Peering from behind a rusted turbine as Han blows at his blaster barrel’s smoke, Rey sees the 8 dead troopers scattered across the area and wonders to herself if Han’s accuracy is actually higher than 50%. Certainly, his accuracy was higher than 50% just now.

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## calculate Han's accuracy, or average hit rate, for the first group mean(shots) |

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## calculate Han's accuracy, or average hit rate, for the first group float(sum(shots))/len(shots) |

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[1] 0.8 |

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0.8 |

But is that impressive display sufficient evidence to say that Han’s accuracy, in the long run, is actually higher than 50%? Or was his sharp-shooting simply a chance fluctuation? Rey pulls out her computer and, being a Jedi Programmer in both R and Python, performs a quick simulation.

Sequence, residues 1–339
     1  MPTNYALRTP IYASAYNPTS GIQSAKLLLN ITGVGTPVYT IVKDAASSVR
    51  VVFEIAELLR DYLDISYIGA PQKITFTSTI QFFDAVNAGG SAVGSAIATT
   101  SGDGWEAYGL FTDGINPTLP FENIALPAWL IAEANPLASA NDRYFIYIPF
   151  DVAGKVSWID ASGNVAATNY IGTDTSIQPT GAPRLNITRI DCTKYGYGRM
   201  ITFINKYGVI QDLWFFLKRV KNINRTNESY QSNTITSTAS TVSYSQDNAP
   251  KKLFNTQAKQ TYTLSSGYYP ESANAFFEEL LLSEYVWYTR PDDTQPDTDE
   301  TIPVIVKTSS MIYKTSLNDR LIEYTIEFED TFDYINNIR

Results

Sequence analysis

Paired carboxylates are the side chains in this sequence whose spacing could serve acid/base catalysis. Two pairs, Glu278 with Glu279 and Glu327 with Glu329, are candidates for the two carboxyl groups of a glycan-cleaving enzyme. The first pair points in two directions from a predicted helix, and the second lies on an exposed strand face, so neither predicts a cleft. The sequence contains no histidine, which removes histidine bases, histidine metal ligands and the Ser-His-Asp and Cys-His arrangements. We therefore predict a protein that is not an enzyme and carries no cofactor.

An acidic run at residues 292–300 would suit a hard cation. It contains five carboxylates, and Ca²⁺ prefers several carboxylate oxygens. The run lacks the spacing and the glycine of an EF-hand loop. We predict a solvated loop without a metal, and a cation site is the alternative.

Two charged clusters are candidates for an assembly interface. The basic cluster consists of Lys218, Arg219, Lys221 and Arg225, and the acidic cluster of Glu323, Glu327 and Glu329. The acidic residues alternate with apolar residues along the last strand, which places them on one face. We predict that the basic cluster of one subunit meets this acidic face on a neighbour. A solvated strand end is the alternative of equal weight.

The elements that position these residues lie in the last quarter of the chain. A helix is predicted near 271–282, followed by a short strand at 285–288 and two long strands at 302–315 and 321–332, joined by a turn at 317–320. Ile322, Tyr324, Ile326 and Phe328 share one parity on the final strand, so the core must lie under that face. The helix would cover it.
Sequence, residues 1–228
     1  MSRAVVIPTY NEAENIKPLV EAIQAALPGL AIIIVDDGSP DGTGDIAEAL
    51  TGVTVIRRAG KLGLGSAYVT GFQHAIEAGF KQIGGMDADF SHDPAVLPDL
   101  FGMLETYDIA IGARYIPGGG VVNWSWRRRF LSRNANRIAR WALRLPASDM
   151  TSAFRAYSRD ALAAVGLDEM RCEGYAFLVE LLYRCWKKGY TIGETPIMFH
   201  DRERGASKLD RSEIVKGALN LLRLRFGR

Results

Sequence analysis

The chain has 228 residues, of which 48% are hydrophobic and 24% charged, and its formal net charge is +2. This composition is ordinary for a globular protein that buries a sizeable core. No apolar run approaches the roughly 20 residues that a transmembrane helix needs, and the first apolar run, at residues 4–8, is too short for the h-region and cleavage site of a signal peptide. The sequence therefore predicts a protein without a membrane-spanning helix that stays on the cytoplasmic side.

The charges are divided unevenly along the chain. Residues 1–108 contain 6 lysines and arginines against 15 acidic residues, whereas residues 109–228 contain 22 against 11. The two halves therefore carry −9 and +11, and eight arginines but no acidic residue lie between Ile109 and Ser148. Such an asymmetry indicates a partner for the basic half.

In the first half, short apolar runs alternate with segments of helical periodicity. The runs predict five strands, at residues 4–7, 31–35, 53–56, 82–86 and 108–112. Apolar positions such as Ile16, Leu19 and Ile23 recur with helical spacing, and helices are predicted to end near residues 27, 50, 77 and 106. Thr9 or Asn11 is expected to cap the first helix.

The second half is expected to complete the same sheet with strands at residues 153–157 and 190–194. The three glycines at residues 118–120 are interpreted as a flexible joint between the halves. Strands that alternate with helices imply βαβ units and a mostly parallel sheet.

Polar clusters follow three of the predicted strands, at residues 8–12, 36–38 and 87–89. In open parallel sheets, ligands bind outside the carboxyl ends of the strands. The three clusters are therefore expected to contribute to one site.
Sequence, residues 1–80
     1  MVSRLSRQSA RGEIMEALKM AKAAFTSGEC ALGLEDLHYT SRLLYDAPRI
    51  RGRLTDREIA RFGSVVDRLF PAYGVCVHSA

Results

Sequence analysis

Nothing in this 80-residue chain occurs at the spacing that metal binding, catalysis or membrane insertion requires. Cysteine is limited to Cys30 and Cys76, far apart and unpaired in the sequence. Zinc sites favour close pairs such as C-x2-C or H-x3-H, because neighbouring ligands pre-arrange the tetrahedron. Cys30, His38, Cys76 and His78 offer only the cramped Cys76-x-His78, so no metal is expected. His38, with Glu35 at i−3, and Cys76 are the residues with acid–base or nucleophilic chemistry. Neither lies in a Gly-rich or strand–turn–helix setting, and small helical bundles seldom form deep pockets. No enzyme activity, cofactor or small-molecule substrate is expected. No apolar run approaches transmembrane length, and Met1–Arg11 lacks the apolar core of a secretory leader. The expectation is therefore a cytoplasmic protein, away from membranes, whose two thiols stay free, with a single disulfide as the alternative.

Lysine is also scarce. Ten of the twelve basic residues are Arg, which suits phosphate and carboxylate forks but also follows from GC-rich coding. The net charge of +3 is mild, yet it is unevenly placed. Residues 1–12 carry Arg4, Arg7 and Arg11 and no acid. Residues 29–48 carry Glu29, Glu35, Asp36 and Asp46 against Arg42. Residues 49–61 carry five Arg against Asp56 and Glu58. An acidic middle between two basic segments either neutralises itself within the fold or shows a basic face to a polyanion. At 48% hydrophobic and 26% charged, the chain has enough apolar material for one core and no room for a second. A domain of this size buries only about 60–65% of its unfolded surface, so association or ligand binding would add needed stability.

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## Let's pretend that we know Han's accuracy is 50% ## and let's also randomly generate 10,000 shots numberOfShots <- 10^4 ## set the seed so we can reproduce our results set.seed(162534) ## sample() allows us to simulate 10,000 shots based on Han's accuracy ## x is the stuff our sample can be made of ## replace = TRUE makes sure we can have more than just one hit or miss ## prob is the probability of hit and miss, respectively (both 0.50) simulatedShots <- sample(x = c(hit, miss), size = numberOfShots, replace = TRUE, ## remember accuracy is 0.50 prob = c(accuracy, 1-accuracy)) ## organize the 10,000 shots into 1,000 groups of 10 shots with a matrix groupsOf10 <- matrix(data = simulatedShots, nrow = numberOfShots/10, ncol = 10, byrow = TRUE) ## take the mean of each group of 10 shots, ## (the accuracy in each fight), assuming 10 shots are fired ## MARGIN=1 tells apply() to apply the function across each matrix row ## returns vector of 1000 means, one for each fight against 10 troopers means <- apply(X = groupsOf10, MARGIN = 1, FUN = mean) ## make histogram of means, see which accuracy levels are most common hist(means, col = "blue", main = "Histogram of 1,000 Means", xlab = "Sample Mean (Accuracy)") |